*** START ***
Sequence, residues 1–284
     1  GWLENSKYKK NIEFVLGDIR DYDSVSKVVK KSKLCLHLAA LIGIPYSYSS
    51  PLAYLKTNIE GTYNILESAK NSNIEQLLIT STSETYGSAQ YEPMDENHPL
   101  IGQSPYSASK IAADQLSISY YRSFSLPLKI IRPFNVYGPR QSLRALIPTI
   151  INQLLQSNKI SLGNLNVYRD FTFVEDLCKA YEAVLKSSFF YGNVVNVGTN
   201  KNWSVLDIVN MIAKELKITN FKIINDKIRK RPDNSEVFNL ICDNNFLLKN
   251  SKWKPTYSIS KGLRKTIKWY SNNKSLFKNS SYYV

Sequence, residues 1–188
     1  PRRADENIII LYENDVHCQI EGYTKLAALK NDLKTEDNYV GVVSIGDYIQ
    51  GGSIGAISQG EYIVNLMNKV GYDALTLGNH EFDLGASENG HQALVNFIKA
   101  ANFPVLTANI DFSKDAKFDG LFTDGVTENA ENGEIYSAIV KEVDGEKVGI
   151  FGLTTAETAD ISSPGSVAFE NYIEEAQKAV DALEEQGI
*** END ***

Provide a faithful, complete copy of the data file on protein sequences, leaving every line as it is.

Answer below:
Sequence, residues 1–284
     1  GWLENSKYKK NIEFVLGDIR DYDSVSKVVK KSKLCLHLAA LIGIPYSYSS
    51  PLAYLKTNIE GTYNILESAK NSNIEQLLIT STSETYGSAQ YEPMDENHPL
   101  IGQSPYSASK IAADQLSISY YRSFSLPLKI IRPFNVYGPR QSLRALIPTI
   151  INQLLQSNKI SLGNLNVYRD FTFVEDLCKA YEAVLKSSFF YGNVVNVGTN
   201  KNWSVLDIVN MIAKELKITN FKIINDKIRK RPDNSEVFNL ICDNNFLLKN
   251  SKWKPTYSIS KGLRKTIKWY SNNKSLFKNS SYYV

Sequence, residues 1–188
     1  PRRADENIII LYENDVHCQI EGYTKLAALK NDLKTEDNYV GVVSIGDYIQ
    51  GGSIGAISQG EYIVNLMNKV GYDALTLGNH EFDLGASENG HQALVNFIKA
   101  ANFPVLTANI DFSKDAKFDG LFTDGVTENA ENGEIYSAIV KEVDGEKVGI
   151  FGLTTAETAD ISSPGSVAFE NYIEEAQKAV DALEEQGI